Gold Award Girl Scouts are change-makers. They have changed the world, changed their lives, and earned the most prestigious award in Girl Scouting. Congratulations to the 45 Girl Scouts from across Colorado who earned the distinction of Gold Award Girl Scout, the highest honor in Girl Scouts, between March 1, 2021, and March 1, 2022. They include:
Kayla Bauer, Aurora Grace Bielefeldt, Highlands Ranch Samantha Bonfiglio Oswald, Westminster Ruby Boswell, Colorado Springs Caitlyn Branine, Centennial Hannah Brothers, Monument Kailani Cantu, Denver Gillian Clark, Steamboat Springs Natasha Curzon, Steamboat Springs Macy Dehm, Glenwood Springs Olivia DiGiacinto, Castle Rock Iris Eisele, Colorado Springs Brooke Ferrel, Castle Rock Hailey Forar, Littleton Lauren Frisch, Broomfield Celeste Fullerton, Carbondale Janae Gadbois, Thornton Bella Gigoux, Grand Junction Allison Graham, Colorado Springs Laura Greichen, Centennial Tessa Griffith, Hotchkiss Kaitlyn Harris, Aurora Anna Hartwick, Broomfield Jessica Johnson, Colorado Springs Jane Kealey, Denver Megan King, Monument Allison Kisicki, Arvada Jackie Lawless, Westminster Ciara Leal, Lakewood Kendyl MacAskill, Grand Junction Julia Martin, Castle Rock Nicole McCloskey, Colorado Springs Alexis Mobley, Aurora Sophie Reynolds, Castle Rock Heather Robson, Colorado Springs Genesis Rodriguez, Arvada Corinne Roe, Westminster Sarah Schumacher, Berthoud Madison Seckman, Centennial Larissa Snoddy, Colorado Springs Zofia Stroman, Steamboat Springs Jayden Thomason, Mancos Alexis Vaille, Dillon Willow Wilson, Westminster Hannah Wurl, Aurora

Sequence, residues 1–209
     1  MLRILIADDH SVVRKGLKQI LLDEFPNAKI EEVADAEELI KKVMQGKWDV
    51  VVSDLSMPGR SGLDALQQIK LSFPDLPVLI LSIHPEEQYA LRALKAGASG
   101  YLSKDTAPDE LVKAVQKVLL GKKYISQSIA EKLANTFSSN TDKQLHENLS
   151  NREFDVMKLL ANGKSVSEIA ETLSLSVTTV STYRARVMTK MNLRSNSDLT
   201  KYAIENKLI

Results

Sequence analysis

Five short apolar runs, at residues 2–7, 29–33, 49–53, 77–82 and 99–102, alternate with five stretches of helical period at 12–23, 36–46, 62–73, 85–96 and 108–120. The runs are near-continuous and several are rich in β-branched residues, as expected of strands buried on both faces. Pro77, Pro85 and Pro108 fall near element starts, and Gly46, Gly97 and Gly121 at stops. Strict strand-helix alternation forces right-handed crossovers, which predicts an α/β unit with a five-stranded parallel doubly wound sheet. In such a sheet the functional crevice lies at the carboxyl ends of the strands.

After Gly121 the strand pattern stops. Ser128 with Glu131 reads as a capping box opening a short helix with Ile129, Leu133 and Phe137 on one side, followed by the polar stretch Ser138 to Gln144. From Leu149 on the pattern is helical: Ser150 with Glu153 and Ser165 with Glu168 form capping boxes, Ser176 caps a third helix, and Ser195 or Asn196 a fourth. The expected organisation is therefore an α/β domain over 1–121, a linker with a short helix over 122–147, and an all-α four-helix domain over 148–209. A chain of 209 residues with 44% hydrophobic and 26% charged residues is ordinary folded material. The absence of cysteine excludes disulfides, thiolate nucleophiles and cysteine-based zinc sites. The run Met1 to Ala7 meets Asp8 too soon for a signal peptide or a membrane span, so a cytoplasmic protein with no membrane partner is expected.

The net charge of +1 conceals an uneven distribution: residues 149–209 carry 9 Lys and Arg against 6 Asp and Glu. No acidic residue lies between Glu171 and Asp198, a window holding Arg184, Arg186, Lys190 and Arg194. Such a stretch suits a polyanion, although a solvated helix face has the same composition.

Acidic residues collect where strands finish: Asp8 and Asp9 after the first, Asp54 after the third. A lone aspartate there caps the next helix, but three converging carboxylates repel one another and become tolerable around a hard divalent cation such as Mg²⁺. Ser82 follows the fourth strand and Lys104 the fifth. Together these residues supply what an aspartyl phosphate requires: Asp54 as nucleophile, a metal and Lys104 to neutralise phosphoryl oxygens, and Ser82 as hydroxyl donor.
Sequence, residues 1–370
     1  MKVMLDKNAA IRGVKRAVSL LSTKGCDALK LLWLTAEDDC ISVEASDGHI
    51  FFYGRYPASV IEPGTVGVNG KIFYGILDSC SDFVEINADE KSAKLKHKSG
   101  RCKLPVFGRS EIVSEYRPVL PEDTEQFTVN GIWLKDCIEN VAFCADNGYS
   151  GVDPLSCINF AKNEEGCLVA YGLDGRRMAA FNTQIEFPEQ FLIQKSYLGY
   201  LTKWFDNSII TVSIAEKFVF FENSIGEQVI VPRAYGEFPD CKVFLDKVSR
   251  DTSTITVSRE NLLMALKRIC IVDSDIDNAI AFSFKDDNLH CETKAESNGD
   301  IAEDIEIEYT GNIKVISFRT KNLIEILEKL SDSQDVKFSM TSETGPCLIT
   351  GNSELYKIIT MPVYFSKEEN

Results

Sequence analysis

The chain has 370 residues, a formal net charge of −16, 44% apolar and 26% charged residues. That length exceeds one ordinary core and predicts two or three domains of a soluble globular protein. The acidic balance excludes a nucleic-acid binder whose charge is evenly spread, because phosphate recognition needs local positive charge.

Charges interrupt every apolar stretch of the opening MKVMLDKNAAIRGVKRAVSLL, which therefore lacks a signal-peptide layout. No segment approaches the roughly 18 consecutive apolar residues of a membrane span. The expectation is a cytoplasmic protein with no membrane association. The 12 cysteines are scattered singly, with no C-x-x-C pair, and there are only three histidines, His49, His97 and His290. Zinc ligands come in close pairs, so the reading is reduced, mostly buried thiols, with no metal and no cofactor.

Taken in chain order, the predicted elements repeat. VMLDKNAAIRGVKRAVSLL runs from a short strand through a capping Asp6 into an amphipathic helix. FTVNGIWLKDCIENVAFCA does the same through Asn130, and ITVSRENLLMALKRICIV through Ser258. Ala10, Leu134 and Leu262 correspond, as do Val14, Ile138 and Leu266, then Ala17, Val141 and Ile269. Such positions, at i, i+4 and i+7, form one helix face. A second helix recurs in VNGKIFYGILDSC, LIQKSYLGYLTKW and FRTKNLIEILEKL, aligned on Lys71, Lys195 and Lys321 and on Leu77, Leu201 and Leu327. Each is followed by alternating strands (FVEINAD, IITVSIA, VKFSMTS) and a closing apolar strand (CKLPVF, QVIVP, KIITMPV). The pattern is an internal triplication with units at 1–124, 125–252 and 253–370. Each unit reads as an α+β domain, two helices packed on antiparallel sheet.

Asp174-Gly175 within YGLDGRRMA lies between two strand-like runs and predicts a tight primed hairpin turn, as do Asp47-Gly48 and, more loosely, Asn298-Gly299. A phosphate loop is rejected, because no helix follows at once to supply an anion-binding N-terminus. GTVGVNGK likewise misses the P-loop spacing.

To earn the Gold Award, a Girl Scout identifies an issue in their community, drafts a plan to address a root cause, and leads a team of volunteers to implement it. When the project is complete, the Gold Award Girl Scout and their team have made a sustainable impact on the world that continues to last beyond their involvement.
It’s a huge accomplishment that also impacts the Gold Award Girl Scout as a person. How they see the world—and how the world sees them—is forever changed. It’s also a credential that will be with them for the rest of their life; having the Girl Scout Gold Award on a high school transcript or resumé can make a Girl Scout stand out when it comes to college admissions, scholarship applications, internships, and job interviews.
“Gold Award Girl Scouts don’t just change the world for the better, they change it for good—and these Girl Scouts embody everything this achievement stands for,” said Leanna Clark, chief executive officer of Girl Scouts of Colorado. “Each of these young women addressed an issue that’s important to her in order to earn her Gold Award, and we congratulate each of these Gold Award Girl Scouts on this momentous accomplishment.”